By Paul Wallace
Nigeria’s sales of OMO bills are ‘very costly,’ company says
SocGen doubts Nigerian carry trade will lose its appeal soon
Bond investors may be fans of the Nigerian carry trade, but Moody’s Investors Service says it hurts the country’s economy and leaves it vulnerable to outflows when sentiment turns.
The company cut its outlook on Nigeria’s B2 rating, which is five steps into junk territory, to negative on Wednesday. One of the problems it cited, along with “sluggish” economic growth, was the central bank’s increased issuance of short-term bonds to encourage inflows and protect the naira.
Nigeria’s increased its sales of short-term bonds to protect the naira
The central bank’s stock of so-called open-market operation bills has risen to 17.4 trillion naira ($48 billion) from 5 trillion naira in 2017, according to Moody’s. Around a third are held by foreigners, it said, many of which are carry traders enticed by yields of about 13%.
“To attract foreign investors, the Central Bank of Nigeria is paying high interest rates on these certificates,” Moody’s analysts Samar Maziad and Marie Diron said in a statement. “This policy is very costly, and has a consequent impact on the yields of other government financing instruments.”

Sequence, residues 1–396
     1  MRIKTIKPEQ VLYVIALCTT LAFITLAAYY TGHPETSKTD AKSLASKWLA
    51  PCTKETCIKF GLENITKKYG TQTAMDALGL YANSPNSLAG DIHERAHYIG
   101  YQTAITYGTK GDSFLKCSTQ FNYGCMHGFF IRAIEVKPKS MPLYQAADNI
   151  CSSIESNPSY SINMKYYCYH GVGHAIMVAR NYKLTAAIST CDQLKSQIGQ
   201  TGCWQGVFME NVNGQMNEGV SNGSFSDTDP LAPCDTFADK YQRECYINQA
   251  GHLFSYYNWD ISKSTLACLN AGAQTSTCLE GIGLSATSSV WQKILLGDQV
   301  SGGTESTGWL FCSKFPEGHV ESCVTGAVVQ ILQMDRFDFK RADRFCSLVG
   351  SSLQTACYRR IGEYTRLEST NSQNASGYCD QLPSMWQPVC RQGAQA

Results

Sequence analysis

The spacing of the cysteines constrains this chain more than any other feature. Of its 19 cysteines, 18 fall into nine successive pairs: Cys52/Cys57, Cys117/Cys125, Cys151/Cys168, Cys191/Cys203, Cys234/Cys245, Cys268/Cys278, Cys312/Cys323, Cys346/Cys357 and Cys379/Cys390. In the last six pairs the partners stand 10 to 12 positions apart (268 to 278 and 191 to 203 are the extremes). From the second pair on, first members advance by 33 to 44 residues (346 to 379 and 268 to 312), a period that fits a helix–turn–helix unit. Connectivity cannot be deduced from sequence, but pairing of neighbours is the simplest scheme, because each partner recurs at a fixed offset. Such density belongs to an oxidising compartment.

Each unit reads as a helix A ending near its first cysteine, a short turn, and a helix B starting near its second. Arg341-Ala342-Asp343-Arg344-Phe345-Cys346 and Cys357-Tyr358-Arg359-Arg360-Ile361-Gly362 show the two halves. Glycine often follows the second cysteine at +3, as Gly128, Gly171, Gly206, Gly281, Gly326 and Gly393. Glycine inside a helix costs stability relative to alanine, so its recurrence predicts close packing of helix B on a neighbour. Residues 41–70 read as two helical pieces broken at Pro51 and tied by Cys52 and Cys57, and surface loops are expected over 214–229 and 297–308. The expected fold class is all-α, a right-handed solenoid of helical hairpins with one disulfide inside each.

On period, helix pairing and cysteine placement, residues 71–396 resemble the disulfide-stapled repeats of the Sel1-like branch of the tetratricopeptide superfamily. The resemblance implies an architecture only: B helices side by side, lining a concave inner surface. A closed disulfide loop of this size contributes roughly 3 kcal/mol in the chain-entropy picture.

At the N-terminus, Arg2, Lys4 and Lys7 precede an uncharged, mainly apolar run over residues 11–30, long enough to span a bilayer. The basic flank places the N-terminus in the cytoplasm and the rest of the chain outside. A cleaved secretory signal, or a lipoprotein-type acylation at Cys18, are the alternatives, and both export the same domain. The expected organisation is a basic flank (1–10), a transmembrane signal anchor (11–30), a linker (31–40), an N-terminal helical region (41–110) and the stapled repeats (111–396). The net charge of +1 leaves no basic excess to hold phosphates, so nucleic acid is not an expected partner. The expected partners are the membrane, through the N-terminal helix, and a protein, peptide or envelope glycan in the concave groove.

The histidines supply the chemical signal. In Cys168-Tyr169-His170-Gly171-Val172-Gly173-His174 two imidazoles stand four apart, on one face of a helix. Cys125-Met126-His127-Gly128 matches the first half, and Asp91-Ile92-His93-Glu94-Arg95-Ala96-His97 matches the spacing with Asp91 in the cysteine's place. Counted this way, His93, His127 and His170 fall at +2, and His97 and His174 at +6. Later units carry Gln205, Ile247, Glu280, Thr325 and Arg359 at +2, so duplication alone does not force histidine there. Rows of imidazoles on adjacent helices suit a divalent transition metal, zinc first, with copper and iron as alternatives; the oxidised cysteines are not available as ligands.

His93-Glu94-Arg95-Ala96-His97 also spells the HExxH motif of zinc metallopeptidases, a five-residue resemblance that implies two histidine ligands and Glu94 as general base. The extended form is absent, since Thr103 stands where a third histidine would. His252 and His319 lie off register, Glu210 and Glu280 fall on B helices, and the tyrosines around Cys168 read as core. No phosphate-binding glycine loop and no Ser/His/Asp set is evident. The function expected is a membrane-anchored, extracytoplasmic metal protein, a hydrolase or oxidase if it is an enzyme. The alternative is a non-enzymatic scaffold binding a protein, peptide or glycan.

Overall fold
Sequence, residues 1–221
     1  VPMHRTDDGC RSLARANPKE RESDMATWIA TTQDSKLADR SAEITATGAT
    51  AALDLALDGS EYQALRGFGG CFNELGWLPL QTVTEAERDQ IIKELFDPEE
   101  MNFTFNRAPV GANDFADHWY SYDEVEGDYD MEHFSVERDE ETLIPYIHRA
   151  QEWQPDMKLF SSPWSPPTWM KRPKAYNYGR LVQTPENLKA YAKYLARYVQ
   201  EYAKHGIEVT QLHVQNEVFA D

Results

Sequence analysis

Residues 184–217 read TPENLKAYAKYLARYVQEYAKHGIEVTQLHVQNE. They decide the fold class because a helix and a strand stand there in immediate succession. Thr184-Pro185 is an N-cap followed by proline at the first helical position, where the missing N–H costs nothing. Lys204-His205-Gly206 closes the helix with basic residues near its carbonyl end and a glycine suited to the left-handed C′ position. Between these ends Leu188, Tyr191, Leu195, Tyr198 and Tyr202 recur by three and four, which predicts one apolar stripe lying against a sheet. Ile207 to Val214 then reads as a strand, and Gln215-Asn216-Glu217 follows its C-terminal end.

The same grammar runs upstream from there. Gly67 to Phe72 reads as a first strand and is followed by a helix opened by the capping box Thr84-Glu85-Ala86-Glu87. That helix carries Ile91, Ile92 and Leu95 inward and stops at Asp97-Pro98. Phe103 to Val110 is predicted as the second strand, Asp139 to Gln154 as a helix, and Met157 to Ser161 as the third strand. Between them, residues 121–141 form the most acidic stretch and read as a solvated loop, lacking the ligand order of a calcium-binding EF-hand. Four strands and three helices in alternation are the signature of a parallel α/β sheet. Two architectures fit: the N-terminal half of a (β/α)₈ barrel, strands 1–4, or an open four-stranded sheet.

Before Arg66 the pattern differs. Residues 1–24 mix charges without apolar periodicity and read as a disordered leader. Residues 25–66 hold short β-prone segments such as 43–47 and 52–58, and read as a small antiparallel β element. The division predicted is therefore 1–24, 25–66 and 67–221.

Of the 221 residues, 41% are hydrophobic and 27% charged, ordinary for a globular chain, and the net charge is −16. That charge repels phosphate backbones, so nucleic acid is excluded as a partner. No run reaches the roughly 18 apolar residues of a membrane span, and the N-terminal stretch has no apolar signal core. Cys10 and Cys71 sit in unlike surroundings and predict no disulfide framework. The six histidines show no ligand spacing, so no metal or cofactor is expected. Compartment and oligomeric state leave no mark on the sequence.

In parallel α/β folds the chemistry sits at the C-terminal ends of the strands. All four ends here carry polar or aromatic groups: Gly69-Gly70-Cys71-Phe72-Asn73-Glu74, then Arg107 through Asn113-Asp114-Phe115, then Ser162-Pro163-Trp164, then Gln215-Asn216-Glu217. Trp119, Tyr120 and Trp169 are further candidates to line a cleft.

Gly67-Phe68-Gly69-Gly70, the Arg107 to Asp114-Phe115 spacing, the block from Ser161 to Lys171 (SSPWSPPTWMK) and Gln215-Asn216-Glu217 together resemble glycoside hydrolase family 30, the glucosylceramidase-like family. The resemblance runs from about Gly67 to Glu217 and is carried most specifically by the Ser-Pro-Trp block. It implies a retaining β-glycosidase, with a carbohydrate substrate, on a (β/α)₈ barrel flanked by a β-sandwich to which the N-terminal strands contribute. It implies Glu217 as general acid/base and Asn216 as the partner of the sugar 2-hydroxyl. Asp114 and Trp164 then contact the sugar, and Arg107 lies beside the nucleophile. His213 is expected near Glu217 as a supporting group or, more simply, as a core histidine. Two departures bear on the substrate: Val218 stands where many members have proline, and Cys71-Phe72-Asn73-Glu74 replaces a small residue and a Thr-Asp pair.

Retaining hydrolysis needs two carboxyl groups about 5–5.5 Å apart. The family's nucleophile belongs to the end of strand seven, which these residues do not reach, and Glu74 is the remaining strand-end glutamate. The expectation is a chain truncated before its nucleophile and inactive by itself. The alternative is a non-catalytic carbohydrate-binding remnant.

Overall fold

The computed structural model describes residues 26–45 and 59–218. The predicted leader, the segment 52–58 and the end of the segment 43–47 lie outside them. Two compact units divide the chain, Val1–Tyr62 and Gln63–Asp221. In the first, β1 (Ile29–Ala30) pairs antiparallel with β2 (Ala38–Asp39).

The strategy has worked in terms of keeping the naira stable, a key aim of both Governor Godwin Emefiele and President Muhammadu Buhari. It has barely budged against the dollar this year and is Africa’s best-performing major currency after the Egyptian pound.
Societe Generale doubts the trade, which has returned investors almost 30% in dollar terms so far in 2019, will lose its appeal soon. The French bank forecasts that the naira will slip only around 1% to 365 per dollar by the end of 2020.
“Nigerian fixed income has provided excellent returns and attracted large portfolio inflows over the past couple of years,” SocGen analysts including Singapore-based Jason Daw said Wednesday. “We expect this to continue.”
— With assistance by Emele Onu